It doesn't strike me as European... don't know that I have a lot hard facts to go on for that statement, but it just seems to me that when I've seen European zouave pipes they are a bit more ornate and have a different look than an ACW zouave... but I could be wrong, certainly not an expert...
    [​IMG]
     
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  9. Patrick H

    Patrick H Major

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    The first pipe, in particular, is a remarkable carving. I can see from details in the face and beard that it was carved with specialized gouges and veining tools ("v" gouges). Beautiful work and, yes, it is of portrait quality. The bowl looks like it might be lined with something--perhaps clay or meerschaum. Is that correct?
     
  10. Private Watkins

    Private Watkins 2nd Lieutenant

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    You mean Billy Yank didn't just carve that with his pocket knife...? :wink: I don't have an appreciation for the different types of tools a master craftsman would use, but I agree with you completely that specialized instruments would have to have been used by someone with a high degree of skill...

    And good eye Patrick... yes it does look like there's some kind of liner in the bowl...
     
  11. Patrick H

    Patrick H Major

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    Actually, the pipe might have been roughed out to basic shape with a knife--or it might have been done with an automated machine of some sort. Visualize a pattern router driven by a leather drive belt and overhead pulley and shaft system in a 19th century factory.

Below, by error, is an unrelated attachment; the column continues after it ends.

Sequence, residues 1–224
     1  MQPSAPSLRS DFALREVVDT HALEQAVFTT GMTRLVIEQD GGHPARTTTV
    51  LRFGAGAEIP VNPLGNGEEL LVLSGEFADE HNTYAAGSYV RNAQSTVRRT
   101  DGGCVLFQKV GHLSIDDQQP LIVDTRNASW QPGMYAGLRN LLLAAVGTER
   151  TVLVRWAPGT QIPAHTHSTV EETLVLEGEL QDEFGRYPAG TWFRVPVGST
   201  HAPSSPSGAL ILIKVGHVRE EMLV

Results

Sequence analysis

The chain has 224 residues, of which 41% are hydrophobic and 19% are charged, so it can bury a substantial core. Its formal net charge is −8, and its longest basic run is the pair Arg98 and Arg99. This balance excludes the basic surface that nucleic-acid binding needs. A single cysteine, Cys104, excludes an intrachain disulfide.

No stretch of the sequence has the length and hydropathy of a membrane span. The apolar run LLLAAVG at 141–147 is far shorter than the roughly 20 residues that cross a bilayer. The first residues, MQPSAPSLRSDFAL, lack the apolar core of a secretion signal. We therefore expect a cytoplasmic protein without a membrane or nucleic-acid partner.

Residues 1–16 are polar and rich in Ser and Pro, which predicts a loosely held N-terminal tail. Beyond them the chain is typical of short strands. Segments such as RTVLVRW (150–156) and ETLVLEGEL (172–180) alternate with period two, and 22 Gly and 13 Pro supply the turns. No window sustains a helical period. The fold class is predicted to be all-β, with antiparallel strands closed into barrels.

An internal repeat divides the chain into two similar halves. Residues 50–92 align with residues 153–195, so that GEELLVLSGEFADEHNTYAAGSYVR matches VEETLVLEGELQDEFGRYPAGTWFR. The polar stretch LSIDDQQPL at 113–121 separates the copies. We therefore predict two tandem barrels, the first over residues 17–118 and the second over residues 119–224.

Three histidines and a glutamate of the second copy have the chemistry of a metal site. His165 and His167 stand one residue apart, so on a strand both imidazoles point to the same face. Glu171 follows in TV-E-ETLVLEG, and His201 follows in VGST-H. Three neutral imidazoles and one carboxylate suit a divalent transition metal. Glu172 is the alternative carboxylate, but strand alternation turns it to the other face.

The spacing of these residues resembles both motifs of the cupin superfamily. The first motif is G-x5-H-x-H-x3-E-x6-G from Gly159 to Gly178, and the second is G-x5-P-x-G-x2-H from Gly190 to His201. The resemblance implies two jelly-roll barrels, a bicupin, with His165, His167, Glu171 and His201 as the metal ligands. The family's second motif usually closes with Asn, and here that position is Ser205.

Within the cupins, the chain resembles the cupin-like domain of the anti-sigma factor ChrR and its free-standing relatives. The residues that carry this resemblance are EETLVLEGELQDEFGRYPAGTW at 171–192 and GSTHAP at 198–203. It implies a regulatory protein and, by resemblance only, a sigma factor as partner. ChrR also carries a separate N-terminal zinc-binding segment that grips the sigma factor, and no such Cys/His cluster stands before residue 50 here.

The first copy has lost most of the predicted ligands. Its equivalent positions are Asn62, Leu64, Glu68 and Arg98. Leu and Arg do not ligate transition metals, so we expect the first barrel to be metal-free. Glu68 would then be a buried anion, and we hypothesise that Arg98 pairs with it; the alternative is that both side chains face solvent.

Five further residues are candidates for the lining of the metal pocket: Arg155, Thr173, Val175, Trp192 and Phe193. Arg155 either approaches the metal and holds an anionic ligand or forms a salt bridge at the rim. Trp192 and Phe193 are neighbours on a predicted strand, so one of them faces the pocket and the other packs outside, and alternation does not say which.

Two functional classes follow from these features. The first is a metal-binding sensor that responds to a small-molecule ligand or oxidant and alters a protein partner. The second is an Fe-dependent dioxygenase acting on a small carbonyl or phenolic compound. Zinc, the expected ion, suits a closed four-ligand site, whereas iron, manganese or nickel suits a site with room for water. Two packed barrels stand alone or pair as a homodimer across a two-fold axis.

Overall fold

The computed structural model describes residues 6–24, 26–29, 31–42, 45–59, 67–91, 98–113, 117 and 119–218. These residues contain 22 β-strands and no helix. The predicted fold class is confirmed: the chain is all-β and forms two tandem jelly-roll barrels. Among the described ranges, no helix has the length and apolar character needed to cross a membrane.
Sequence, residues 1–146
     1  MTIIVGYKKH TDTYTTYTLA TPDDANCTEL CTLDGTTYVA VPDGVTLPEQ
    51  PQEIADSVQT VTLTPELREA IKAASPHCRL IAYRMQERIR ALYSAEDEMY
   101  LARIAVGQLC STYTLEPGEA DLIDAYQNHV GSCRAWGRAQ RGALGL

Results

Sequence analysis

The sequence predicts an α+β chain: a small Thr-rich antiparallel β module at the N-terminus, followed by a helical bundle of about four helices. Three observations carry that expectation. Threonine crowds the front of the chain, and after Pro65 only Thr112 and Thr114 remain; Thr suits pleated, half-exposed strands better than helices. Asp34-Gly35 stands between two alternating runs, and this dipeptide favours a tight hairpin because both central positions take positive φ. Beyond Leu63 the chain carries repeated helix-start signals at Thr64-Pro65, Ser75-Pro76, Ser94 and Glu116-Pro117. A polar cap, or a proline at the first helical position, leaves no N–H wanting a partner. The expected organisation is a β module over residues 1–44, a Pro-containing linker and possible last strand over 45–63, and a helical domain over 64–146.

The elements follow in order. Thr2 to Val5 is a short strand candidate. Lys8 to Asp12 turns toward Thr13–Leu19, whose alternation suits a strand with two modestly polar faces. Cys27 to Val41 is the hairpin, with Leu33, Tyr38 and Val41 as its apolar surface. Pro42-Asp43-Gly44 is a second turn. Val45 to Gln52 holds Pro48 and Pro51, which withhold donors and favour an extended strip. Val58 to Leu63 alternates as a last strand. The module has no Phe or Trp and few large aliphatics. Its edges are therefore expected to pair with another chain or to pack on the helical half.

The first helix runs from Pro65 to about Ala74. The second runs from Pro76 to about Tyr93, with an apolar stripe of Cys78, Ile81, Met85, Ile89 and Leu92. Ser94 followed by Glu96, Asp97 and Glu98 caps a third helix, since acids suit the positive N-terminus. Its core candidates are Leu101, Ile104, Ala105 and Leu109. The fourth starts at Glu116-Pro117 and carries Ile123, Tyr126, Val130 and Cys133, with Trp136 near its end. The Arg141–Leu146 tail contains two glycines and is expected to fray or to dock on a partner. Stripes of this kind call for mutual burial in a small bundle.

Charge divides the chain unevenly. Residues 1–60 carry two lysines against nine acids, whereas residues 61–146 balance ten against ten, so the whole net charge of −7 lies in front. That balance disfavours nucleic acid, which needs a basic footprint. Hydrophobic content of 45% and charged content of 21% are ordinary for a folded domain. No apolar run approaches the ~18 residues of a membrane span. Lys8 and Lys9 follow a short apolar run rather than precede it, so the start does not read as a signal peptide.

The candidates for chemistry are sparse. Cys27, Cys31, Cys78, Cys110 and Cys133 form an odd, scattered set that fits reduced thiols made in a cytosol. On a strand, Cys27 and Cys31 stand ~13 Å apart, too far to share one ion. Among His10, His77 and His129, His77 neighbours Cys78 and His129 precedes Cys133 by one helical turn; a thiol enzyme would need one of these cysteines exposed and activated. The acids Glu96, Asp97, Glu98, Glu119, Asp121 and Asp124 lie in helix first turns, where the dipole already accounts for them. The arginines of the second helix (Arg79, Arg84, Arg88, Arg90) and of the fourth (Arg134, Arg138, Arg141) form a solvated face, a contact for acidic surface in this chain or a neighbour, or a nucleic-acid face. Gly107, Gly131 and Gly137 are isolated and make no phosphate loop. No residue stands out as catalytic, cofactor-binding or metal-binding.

If you're curious about the tools, this video will show representative types being used. Note that most of Mary's tools are larger, because she's carving a furniture leg, but the principles still apply. Note, too, that Mary's chair leg has been roughed out by machine but is being finished by hand. (By the way, I've never met Mary, but her mother lives in my town and is an acquaintance).

     
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  12. 7thWisconsin

    7thWisconsin Sergeant

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    I have a meershaum, and it's one of my favorite pipes. I used to have one carved into a buffalo head. Suffice to say, I learned how fragile they are with that pipe. Never saw another. <sigh>
    I love those pictures of the vets; they look so much like reenactors!
     
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  13. Mike Serpa

    Mike Serpa Captain